The explosive growth of the U.S. economy over the last two decades has been fueled in part by new technologies and so-called information companies. Some have dubbed these "knowledge" companies, because their basic resource is not material but ideas and innovation. America's research universities play a major role in feeding this economic enterprise. However, their ability to continue may be jeopardized by attempts to reduce federal funding for basic university research.

While Europe and Japan are marshaling their resources, in the United States -- where private industry is increasingly dependent on public science -- the federal research budget is eroding. Programs such as scientific research, which have a long-term payoff and no well-organized constituency, come under the greatest pressure from budget cutters.

President Clinton's proposed budget for fiscal year 1998 would erode the purchasing power of federal research and development (R and D) funding. While the administration's budget calls for a $1.6 billion or 2.2 percent increase in R and D, the federal investment in R and D when adjusted for inflation will actually fall in real terms from previous levels. Plans would further reduce federal support for R and D by nearly 14 percent in real terms over the next five years. This downward trend would come at a time when our global competitors are boosting their R and D investments.

Such disinvestment at this time is odd and counterproductive. Economic development specialists across the nation clamor for access to research universities. Cognetics Inc. of Cambridge, Mass., identified the five major environmental factors underlying the growth of job creating companies. No. 1 on the list is access to a research university.

Public investment in research at Virginia Tech has resulted in patented discoveries and local jobs. In fact, Virginia Tech is one of the top universities in the nation in the number of new companies established from the discoveries of the university's researchers -- 25 in Virginia. Virginia Tech ranked fourth in the nation for companies formed as a result of university patents, as noted in the most recent study conducted by the Association of University Technology Managers.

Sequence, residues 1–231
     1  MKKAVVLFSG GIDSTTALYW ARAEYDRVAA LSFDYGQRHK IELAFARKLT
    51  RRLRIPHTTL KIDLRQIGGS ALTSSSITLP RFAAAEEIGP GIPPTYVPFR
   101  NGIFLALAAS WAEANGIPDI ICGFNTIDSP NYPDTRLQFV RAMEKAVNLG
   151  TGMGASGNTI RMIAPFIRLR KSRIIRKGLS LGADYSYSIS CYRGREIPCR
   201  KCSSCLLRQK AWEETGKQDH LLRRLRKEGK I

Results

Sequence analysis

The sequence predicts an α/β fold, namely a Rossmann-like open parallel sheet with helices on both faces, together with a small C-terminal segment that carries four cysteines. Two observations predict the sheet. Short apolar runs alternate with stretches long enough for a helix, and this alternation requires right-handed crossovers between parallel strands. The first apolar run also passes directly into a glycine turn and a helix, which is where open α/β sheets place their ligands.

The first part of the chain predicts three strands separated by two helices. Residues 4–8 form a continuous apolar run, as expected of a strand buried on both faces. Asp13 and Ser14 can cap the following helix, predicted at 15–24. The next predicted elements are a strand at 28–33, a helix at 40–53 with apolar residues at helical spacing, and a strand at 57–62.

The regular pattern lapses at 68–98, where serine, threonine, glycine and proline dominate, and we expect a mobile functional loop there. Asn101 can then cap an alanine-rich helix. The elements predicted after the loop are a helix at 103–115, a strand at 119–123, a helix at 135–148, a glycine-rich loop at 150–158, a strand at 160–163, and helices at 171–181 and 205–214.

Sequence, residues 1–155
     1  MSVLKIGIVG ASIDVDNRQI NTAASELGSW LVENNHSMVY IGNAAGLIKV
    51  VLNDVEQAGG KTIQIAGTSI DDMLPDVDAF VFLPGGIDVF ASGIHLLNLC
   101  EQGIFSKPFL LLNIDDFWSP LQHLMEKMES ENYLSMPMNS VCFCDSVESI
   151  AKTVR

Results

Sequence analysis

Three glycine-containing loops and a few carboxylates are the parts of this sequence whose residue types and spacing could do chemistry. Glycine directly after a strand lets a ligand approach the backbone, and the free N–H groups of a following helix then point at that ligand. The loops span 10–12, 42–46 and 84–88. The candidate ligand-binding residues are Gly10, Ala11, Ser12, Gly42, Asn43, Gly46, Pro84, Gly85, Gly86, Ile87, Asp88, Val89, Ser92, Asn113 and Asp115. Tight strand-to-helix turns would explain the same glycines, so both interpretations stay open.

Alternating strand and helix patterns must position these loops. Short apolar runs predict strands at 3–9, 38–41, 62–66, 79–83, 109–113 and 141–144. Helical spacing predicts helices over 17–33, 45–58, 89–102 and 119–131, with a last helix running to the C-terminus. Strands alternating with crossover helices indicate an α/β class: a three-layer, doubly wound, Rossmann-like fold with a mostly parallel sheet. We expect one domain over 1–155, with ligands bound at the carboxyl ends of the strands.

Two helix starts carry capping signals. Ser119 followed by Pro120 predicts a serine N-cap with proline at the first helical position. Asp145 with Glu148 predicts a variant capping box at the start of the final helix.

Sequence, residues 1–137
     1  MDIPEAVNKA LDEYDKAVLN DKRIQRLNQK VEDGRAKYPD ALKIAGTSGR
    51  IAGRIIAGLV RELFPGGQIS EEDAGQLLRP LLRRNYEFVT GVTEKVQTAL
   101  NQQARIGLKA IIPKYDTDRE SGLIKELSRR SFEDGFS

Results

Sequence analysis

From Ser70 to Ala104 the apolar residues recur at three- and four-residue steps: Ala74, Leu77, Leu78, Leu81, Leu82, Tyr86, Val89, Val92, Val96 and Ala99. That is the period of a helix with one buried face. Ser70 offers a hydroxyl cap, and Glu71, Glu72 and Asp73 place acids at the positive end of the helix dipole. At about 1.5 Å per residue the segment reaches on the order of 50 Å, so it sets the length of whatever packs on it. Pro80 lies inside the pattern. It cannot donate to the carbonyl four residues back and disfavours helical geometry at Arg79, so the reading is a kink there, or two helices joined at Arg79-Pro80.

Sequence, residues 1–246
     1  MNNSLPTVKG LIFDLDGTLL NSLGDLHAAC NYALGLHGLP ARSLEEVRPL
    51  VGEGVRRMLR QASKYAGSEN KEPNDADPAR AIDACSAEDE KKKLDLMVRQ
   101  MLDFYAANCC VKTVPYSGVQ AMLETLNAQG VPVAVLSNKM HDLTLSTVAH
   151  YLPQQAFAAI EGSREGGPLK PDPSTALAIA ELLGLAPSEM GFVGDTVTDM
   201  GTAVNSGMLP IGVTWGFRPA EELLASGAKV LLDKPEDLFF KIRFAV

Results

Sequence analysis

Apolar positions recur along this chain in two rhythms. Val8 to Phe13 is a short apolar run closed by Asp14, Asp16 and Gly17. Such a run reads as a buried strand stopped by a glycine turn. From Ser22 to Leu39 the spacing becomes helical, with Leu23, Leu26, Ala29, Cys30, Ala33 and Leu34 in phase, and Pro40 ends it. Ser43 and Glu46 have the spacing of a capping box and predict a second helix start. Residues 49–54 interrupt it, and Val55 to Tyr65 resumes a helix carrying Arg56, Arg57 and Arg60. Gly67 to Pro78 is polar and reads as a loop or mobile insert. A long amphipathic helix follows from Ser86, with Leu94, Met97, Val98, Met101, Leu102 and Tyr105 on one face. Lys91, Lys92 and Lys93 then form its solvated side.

Continued public investment in university research is key to maintaining America's economic leadership. During the cold war era, the value of basic research was viewed as the way to build and maintain a strong national defense. We have not yet made the same commitment in the economic battles dominating our peacetime economies.

In the competitive global economy, America's strength will, more than ever, depend upon our ability to produce new ideas. A recent report by the Association of University Technology Managers found that academic research directly contributes an estimated $21 billion to the nation's economy and supports 180,000 jobs each year. A recent study by industry and government of more than 400,000 U.S. patent applications found that more than 70 percent of the scientific papers cited by industry applicants came from research performed at universities, government labs, and other public agencies.

At the Virginia Tech Corporate Research Park, more than 800 jobs have been created or drawn to Blacksburg in the past decade, all because of the university's knowledge power. Today more than 50 firms are doing business connected in some way to faculty research or expertise. And countless firms around the commonwealth and nation benefit from our faculty expertise and university assistance.

At Virginia Tech and most major research universities, about two-thirds of the research is funded by the federal government. If we expect to retain our place in the world, we cannot afford to slow our investment in discovery and innovation. The cost of playing catch-up with the nations that have seen the wisdom of U.S. traditions would exceed any short-term savings. The nation's investment in basic R and D yielded a tremendous return -- victory in the Cold War. Continued federal investment in research will yield economic returns for generation after generation.

Paul Torgersen

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